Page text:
- Previously, we looked at the FHFA and Case-Shiller release focusing on national data trends. Today, we’ll dig a bit deeper to look at more local data at the regional, state, and city or MSA level.
- Monthly FHFA releases data at the Census division level and quarterly it releases state and metro area data. Case-Shiller offers data on 20-cities monthly. Both of these sources confirm the trend seen in NAR measures.
- At the regional level: the most robust home price gains from a year ago were in the West. NAR reported price change of 15.5% in December and 14.6% in January. According to FHFA year over year prices in December 2013 rose 14.9 percent in the Pacific division which includes Hawaii, Alaska, Washington, Oregon, and California and 12.6 percent in the Mountain division which includes Montana, Idaho, Wyoming, Nevada, Utah, Colorado, Arizona, and New Mexico.
- Likewise, NAR data showed the smallest price gains from a year ago in the Northeast (3.5% for the year ending in December and 6.6% for the year ending in January), and FHFA showed a similar pattern. Prices rose 2.7 percent in New England (Maine, New Hampshire, Vermont, Massachusetts, Rhode Island, Connecticut) and 2.1 percent in the Middle Atlantic states (New York, New Jersey, Pennsylvania) from December one year ago.
- State by state data, pictured below, shows more detail. Some states in the South had very robust growth: Florida, Georgia, and Texas, but the region as a whole had more moderate growth because of states with more modest home price growth or mild declines such as West Virginia, Arkansas, and Mississippi.
- Among cities, Case-Shiller reported the biggest year over year gains in Las Vegas, San Francisco, and Los Angeles. Each had more than 20% year over year gains. The smallest gains in Case Shiller’s cities were Cleveland at 4.5 percent and New York at 6.3 percent. While the cities covered differ, NAR saw similar trends with the largest home price gains in the 4th quarter out West in cities such as Sacramento and Las Vegas. NAR also saw substantial home price gains in Atlanta, a city that showed an 18.1 percent year over year gain by Case Shiller’s measure. In the quarterly release, FHFA produced a similar list of the top-20 metro areas. Again, the specific areas covered are different, but many of the top metro areas on FHFA’s list are out West including Modesto (CA), Stockton-Lodi (CA), and Vallejo-Fairfield (CA) as the top 3.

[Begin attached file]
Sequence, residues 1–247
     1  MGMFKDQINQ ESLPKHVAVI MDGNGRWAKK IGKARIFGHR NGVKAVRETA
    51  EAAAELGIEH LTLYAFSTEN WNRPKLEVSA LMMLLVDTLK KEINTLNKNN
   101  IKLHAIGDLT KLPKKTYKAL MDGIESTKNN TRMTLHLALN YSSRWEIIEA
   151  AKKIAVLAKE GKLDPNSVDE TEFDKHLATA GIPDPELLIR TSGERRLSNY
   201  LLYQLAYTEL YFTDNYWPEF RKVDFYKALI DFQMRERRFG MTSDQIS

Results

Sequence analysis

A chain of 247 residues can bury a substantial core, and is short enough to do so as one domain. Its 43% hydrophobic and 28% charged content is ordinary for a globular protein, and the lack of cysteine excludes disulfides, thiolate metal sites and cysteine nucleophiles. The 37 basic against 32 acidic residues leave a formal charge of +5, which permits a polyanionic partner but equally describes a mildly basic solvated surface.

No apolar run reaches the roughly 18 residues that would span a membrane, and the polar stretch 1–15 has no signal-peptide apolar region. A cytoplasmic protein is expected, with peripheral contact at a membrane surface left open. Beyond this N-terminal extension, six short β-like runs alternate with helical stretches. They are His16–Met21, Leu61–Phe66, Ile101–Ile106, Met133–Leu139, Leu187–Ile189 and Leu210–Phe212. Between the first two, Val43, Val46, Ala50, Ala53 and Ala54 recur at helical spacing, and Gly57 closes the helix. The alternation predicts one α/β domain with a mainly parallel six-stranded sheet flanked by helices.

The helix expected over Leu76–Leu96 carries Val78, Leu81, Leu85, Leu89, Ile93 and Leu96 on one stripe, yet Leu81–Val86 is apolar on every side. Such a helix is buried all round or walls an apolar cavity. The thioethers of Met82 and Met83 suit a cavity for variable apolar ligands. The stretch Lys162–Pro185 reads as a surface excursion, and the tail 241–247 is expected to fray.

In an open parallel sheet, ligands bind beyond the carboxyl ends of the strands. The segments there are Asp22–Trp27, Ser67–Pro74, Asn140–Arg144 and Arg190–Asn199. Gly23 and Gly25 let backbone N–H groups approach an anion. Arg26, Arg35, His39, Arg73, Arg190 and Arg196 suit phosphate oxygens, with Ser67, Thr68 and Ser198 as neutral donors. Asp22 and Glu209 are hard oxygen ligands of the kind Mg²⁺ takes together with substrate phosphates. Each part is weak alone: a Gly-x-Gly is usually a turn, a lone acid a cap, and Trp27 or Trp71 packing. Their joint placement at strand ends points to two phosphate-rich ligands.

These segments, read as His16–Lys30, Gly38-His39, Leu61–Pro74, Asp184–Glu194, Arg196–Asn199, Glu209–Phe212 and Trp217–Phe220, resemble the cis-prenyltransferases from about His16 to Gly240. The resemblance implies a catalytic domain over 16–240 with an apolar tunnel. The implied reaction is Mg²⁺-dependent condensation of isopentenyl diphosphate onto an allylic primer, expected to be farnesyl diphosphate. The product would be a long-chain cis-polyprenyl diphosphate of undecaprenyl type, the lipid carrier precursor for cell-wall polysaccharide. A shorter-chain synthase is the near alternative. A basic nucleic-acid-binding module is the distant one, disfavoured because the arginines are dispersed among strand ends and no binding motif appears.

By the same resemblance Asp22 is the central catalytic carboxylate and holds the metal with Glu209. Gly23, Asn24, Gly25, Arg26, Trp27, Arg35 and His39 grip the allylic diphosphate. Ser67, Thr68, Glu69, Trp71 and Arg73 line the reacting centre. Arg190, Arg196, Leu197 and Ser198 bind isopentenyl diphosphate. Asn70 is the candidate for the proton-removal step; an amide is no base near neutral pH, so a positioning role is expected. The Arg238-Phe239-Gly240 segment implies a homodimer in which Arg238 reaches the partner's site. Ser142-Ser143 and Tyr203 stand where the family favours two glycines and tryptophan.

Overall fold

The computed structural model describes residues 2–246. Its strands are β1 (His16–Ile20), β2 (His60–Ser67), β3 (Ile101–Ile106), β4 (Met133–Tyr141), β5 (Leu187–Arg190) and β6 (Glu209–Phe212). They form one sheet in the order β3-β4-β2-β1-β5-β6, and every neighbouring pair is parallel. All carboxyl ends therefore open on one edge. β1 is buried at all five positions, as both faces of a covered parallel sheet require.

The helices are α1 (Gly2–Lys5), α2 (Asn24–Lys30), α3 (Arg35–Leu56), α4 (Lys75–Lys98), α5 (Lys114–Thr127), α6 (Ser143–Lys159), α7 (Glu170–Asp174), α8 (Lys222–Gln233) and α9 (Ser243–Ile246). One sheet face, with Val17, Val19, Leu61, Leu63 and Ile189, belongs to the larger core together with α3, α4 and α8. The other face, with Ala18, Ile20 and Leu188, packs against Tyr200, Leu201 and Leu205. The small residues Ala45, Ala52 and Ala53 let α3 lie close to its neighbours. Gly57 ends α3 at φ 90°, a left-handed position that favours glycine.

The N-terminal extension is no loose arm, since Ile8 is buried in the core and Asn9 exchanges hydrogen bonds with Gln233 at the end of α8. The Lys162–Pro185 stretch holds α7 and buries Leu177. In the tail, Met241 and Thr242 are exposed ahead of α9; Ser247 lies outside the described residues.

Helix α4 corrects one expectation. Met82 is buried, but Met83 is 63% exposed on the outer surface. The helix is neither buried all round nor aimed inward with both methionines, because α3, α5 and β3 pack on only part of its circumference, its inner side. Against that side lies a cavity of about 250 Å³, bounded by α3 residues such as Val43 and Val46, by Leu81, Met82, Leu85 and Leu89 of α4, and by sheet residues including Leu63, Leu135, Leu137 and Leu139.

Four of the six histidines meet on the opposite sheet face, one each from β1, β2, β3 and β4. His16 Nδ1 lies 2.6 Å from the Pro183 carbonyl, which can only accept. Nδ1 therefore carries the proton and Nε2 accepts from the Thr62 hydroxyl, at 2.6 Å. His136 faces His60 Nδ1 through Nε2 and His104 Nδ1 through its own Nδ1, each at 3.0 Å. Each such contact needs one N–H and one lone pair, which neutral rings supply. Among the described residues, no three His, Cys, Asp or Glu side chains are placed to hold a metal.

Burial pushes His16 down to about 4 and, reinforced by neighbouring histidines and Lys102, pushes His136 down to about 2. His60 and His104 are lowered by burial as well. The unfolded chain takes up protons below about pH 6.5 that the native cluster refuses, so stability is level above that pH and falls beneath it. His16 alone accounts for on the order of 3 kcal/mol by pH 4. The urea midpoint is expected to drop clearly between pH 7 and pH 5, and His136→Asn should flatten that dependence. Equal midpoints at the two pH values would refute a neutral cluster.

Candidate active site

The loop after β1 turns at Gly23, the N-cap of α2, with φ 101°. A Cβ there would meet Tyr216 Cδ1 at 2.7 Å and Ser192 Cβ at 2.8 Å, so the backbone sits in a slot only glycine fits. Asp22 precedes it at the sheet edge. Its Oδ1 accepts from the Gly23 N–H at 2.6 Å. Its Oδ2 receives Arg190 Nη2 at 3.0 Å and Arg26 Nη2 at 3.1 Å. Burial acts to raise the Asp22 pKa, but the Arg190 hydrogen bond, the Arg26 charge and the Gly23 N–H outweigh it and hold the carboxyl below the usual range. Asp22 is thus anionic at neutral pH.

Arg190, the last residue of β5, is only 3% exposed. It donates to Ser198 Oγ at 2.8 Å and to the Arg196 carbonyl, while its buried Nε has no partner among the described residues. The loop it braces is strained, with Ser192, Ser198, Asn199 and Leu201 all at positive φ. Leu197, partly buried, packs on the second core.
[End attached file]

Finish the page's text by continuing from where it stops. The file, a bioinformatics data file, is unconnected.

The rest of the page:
In early September, the Federal Housing Finance Agency (FHFA), the entity that oversees Freddie Mac and Fannie Mae, gave notice that it would revise the conforming loans limits in an attempt to stimulate the private sector, specifically the private mortgage securitization (PLS) market. Though any reduction in the loan limits is expected to be relatively modest, it could have more far reaching impacts at the local level and for the affected borrowers.
Each year, the FHFA adjusts the national conforming loan limit which defines the space within which Fannie Mae and Freddie Mac can finance mortgage. The national limit is $417,000, but that varies by county and can increase to $625,500 in high cost markets. The FHA’s limits, which range from $261,050 to $725,750, are based off of the conforming limit so the FHFA’s actions would impact FHA borrowers as well.
NAR Research estimates that if the national conforming limit were lowered to $400,000, roughly 145,000 total conforming mortgages and 49,000 conforming purchase mortgages would have been impacted in 2012 . If the FHA limits were also revised, the impact would be larger by roughly 15,000 and 7,000 borrowers, respectively. The total number was inflated due to the refinance boom in 2012. However, strong price growth in 2013 has likely pushed more home buyers toward the conforming limits. Most estimates have the impacted volume at roughly 2-5% nationally.